I recently sat down with Mitch Ackerman, mad scientist and brewmaster at the soon-to-open Four Day Ray Brewing. He’s been brewing craft beer since he was in college, and I wanted to hear more about his work. From brewing to branding, every creative discipline shares some common threads.
Here’s what I learned about craft brewing that’s useful for anyone who considers himself or herself creative:
Lesson One: Meet Your Audience Where They Are
Most people think beer equals watered-down, light American lagers. After all, those are the labels that surround us and sponsor all of our favorite sporting events. To introduce the uninitiated to craft beer, you have to serve them the right beer at the right moment with a flavor they already like—coffee or chocolate or citrus.
My gateway beer was a Blue Moon at a BW-3 in 2005. For Mitch, it was a Guinness at his favorite college bar in 2004. Neither of these beers is remarkable, but they opened our eyes to a world beyond mildly hoppy or malty water that calls itself beer.
Unfortunately, many people never try a craft beer because the barrier to entry is so high. As breweries race to create the hoppy-est, funkiest, most badass IPA around with IBUs in the stratosphere, a lot of potential converts are left behind. (Don’t get me wrong. I love bitter beers, but they’re not for craft beer newbies.)
That’s why Mitch focuses on brewing high-quality, complex, but accessible beers. Flavor-forward and low-ABV. Not that he doesn’t also create towering Russian Imperial Stouts and DIPAs, but he recognizes those are something to work up to. Introduction and education have to come first.
It’s the same in marketing. You have to meet the audience in their world instead of expecting them to join you in yours. Respect your audience by taking the time to understand them. Lower the barrier to entry. Then you’ll have their attention. And once you do, show them some love.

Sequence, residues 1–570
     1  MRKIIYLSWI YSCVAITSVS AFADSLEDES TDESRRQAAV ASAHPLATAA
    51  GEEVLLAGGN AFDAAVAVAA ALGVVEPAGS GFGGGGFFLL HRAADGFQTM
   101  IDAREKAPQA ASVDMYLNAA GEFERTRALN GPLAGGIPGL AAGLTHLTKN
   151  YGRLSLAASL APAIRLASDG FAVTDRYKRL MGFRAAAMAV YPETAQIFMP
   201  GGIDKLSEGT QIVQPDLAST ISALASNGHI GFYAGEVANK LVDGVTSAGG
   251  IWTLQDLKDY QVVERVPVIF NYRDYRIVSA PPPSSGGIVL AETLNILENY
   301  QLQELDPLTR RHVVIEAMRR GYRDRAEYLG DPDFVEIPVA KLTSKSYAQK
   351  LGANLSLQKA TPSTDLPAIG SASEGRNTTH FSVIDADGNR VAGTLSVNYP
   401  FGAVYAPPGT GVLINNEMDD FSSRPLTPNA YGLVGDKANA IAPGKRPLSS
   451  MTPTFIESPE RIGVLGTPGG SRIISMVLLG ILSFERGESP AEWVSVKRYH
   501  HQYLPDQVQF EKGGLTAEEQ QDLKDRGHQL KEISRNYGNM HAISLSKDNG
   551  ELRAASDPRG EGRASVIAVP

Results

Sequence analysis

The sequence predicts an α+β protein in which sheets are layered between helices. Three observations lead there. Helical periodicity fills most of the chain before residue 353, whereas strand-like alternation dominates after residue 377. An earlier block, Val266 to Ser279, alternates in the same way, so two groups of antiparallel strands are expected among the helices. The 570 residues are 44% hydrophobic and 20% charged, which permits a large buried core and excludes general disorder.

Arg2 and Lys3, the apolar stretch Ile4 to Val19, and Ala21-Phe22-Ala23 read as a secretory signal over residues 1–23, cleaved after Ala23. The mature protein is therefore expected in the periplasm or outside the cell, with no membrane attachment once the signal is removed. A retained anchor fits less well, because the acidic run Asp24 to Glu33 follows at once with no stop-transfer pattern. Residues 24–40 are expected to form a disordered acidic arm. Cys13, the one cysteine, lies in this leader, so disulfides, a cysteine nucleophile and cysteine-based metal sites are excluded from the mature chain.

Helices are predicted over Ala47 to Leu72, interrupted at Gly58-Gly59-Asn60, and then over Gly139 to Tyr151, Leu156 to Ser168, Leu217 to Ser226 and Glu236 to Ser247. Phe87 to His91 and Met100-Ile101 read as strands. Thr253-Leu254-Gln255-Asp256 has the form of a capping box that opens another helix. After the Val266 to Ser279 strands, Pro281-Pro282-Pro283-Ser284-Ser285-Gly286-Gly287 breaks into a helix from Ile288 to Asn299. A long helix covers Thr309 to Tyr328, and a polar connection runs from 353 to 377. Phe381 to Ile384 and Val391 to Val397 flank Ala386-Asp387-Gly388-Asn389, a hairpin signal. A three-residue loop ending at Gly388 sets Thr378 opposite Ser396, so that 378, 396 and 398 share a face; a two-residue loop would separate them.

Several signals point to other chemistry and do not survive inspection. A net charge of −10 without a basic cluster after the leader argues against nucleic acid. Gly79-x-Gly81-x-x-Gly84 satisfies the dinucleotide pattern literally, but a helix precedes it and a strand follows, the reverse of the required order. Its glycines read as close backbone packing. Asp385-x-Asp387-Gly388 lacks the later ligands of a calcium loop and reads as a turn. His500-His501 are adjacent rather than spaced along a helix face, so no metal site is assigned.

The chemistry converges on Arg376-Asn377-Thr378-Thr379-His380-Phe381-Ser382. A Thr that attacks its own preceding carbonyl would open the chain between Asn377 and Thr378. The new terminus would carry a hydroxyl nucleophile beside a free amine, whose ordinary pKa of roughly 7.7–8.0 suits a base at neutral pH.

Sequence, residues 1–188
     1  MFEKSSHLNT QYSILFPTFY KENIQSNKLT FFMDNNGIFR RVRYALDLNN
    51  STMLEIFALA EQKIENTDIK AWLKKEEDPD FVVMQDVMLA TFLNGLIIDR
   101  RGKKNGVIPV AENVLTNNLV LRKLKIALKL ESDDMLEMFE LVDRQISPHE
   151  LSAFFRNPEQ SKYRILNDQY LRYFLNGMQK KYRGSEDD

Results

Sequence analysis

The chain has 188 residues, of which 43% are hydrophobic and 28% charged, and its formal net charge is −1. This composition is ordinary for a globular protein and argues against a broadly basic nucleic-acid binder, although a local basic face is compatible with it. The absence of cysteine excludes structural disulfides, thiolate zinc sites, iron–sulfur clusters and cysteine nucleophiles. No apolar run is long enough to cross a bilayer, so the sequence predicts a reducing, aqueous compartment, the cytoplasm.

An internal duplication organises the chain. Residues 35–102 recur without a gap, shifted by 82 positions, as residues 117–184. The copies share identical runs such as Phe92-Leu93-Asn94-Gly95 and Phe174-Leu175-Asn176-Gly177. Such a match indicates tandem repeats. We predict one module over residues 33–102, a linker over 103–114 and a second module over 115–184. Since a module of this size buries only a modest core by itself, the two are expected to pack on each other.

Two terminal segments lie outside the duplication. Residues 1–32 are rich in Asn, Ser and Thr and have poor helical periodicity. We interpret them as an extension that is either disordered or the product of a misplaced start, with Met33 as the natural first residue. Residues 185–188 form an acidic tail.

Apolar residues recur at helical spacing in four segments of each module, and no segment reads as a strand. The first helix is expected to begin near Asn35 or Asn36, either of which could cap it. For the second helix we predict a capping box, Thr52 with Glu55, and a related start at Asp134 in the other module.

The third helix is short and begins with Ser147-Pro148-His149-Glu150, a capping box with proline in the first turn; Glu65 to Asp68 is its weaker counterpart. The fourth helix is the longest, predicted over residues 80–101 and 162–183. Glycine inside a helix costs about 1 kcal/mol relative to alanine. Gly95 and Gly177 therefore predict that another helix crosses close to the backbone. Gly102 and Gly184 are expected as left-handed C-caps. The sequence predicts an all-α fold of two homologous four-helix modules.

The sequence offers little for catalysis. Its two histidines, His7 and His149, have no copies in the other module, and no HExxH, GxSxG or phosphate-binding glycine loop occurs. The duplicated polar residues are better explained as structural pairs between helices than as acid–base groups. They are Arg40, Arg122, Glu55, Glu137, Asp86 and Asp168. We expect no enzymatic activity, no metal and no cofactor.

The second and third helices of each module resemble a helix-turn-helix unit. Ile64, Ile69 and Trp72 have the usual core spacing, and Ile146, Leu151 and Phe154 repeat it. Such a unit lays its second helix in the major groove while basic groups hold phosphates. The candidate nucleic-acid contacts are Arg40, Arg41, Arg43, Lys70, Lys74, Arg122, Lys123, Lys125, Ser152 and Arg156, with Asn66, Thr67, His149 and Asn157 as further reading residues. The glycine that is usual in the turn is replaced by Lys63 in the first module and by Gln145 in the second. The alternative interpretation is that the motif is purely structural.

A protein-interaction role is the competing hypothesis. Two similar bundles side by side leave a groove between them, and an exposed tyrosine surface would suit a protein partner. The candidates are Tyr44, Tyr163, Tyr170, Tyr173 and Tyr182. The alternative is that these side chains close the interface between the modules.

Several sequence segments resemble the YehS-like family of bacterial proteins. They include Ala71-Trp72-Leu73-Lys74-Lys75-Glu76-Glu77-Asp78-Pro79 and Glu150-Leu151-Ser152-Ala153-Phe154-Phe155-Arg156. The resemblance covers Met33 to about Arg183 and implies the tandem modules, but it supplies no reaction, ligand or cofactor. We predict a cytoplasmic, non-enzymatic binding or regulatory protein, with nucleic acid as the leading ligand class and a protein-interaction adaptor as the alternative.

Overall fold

Lesson Two: Why It’s Okay to Fail
In college, I had a professor who preached the importance of failure. At the time, it sounded like an art school mind game. But much later, I understood—if we accept the possibility of failure, we’re going to try something new. We’re going to take risks. We’ll dare to do great things and, in the process, we’ll learn what works and what doesn’t.
In the craft brewing world, home brewers have room to experiment and thus, more room to fail. Because they brew in much smaller quantities, they can challenge what’s been deemed “correct” or “acceptable.” They are, literally, the taste-makers. That’s why the professionals follow them. Home brewers can put new spins on old ideas, but craft brewers have the ability to bring it to the masses. And the big boys like InBev and Anheuser-Busch find themselves playing catch-up. Your sweater is that color because Meryl Streep picked it out for you.
Lesson Three: Know the Rules to Break Them (a.k.a. The Virtue of the Mutt)
Every industry has its own set of rules. Some people call them “best practices,” a heinous piece of jargon that needs to die a slow, painful death. (But I digress.) Each industry’s unwritten rules come from collected experience. Without them, we would have to keep learning lessons someone else has already learned. But if we let them box us in, rules can become the enemy of progress.
After all, sometimes the best things in life come from breaking the rules. I have a dog who’s a mix of an Australian Shepherd and a Border Collie. He’s the coolest and greatest dog of all time. The looks and brains of the Border Collie with the tail-lessness of the Australian Shepherd. He wags his butt to compensate for the lack of tail, and it’s my favorite thing about him. He gets compliments everywhere he goes on how beautiful and well-behaved he is, but it’s his waggy butt that makes him interesting.
Similarly, some of the best beers aren’t brewed according to the rules of IPAs, Porters, Stouts, and so on. A beer like FDR’s “Identity Crisis” (coming soon) proves that. It’s a mutt of a beer—better than the sum of its parts because it contains the best attributes of each. It defies categorization. And that doesn’t matter one bit because it’s so good.